Type of Error: False Positive (+3 on different faces)
Facial Examiners0.9%0.002 to 0.022
Facial Reviewers1.2%0.003 to 0.036
Super-recognizers1.0%0.0002 to 0.052
Fingerprint Examiners3.8%0.022 to 0.061
Students7.3%0.044 to 0.112
Type of Error: False Negative (-3 on same faces)
Facial Examiners1.8%0.009 to 0.030
Facial Reviewers1.4%0.005 to 0.032
Super-recognizers5.1%0.022 to 0.099
Fingerprint Examiners3.3%0.021 to 0.050
Students14.5%0.111 to 0.185



UPDATES
June 9, 2018: Corrections and additions made in response to comments from Hari Iyer.
NOTES
  1. P.J. Phillips, A.N. Yates, Y. Hu, C.A. Hahn, E. Noyes, K. Jackson, J.G. Cavazos, G. Jeckeln, R. Ranjan, S. Sankaranarayanan, J.-C. Chen, C.D. Castillo, R. Chellappa, D. White and A.J. O’Toole. Face Recognition Accuracy of Forensic Examiners, Superrecognizers, and Algorithms. Proceedings of the National Academy of Sciences, Published online May 28, 2018. DOI: 10.1073/pnas.1721355115
  2. As Hari Iyer put it in response to the explanation in Box 1, "given a randomly chosen observation x1 belonging to class 1, and a randomly chosen observation x0 belonging to class 0, the (empirical) AUC is the estimated probability that the evaluated classification algorithm will assign a higher score to x1 than to x0." For a proof, see Alexej Gossman, Probabilistic Interpretation of AUC, Jan. 25, 2018, http://www.alexejgossmann.com/auc/. A geometric proof can be found in Matthew Drury, The Probabilistic Interpretation of AUC, in Scatterplot Smoothers, Jun 21, 2017, http://madrury.github.io/jekyll/update/statistics/2017/06/21/auc-proof.html.

Saturday, May 26, 2018

Against Method: ACE-V, Reproducibility, and Now Preproducibility

Forensic-science practitioners like to describe their activities as scientific. Indeed, if the work they did were not scientific, how could one say that they were practicing forensic science?

Thus, one finds textbooks with impressive titles like "Forensic Comparative Science" devoted to “[t]he comparative science disciplines of finger prints, firearm/tool marks, shoe prints/tire prints, documents and handwriting,” and more. 1/ The practitioners of these "science disciplines" describe their work as "analogous to scientific method of critically observing details in images, determining similarities or differences in the data, performing comparative measurements to experiment whether the details in the images actually agree or disagree," and so on. 2/ They insist that they follow a multistep process that "is a scientific methodology" for "hypothesis testing"3/ — even if the process lacks any defined threshold for deciding when perceived (or even objectively measured) features are sufficiently similar or different to reach a conclusion.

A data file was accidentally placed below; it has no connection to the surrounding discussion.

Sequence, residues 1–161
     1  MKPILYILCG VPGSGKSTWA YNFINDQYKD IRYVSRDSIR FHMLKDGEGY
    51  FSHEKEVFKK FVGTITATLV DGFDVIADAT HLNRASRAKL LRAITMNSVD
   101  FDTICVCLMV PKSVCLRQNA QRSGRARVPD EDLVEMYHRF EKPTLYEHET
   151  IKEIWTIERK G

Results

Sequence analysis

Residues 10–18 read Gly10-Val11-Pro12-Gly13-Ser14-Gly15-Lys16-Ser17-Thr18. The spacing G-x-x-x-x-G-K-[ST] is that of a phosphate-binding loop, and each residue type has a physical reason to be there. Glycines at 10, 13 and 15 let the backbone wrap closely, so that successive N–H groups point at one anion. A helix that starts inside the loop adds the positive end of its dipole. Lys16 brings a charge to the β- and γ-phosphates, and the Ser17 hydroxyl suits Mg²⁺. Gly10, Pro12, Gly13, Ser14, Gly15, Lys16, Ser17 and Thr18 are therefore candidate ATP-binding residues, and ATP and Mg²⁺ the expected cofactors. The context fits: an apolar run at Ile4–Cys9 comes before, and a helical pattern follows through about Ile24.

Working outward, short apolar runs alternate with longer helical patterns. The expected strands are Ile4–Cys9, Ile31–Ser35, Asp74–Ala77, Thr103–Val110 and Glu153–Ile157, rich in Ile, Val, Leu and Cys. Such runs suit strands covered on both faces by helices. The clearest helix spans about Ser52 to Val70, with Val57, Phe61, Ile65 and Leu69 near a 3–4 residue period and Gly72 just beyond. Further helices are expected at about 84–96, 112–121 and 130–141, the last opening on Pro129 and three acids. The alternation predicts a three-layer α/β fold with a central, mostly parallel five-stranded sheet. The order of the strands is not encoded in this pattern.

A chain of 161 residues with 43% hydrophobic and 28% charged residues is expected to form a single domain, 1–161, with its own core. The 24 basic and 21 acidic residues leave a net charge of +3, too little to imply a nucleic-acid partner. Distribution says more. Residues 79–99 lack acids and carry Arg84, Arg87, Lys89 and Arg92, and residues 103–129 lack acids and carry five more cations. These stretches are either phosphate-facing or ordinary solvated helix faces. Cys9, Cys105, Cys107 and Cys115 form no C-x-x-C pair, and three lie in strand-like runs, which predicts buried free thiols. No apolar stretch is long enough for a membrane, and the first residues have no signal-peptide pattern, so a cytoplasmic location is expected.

An entire article in the Journal of Forensic Identification — “a scientific journal that provides more than 100 pages of articles related to forensics ... written by forensic authorities from around the world who are practitioners or academics in forensic science fields” 4/ — is devoted to demonstrating that “[a]nalysis, comparison, evaluation, and verification (ACE-V) is a scientific methodology that is part of the scientific method.” 5/ The abstract observes that
Several publications have attempted to explain ACE-V as a scientific method or its role within the scientific method, but these attempts are either not comprehensive or not explicit. This article ... outlines the scientific method as a seven-step process. The scientific method is discussed using the premises of uniqueness, persistence, and classifiability. Each step of the scientific method is addressed specifically as it applies to friction ridge impression examination in casework. It is important for examiners to understand and apply the scientific method, including ACE-V, and be able to articulate this method. 6/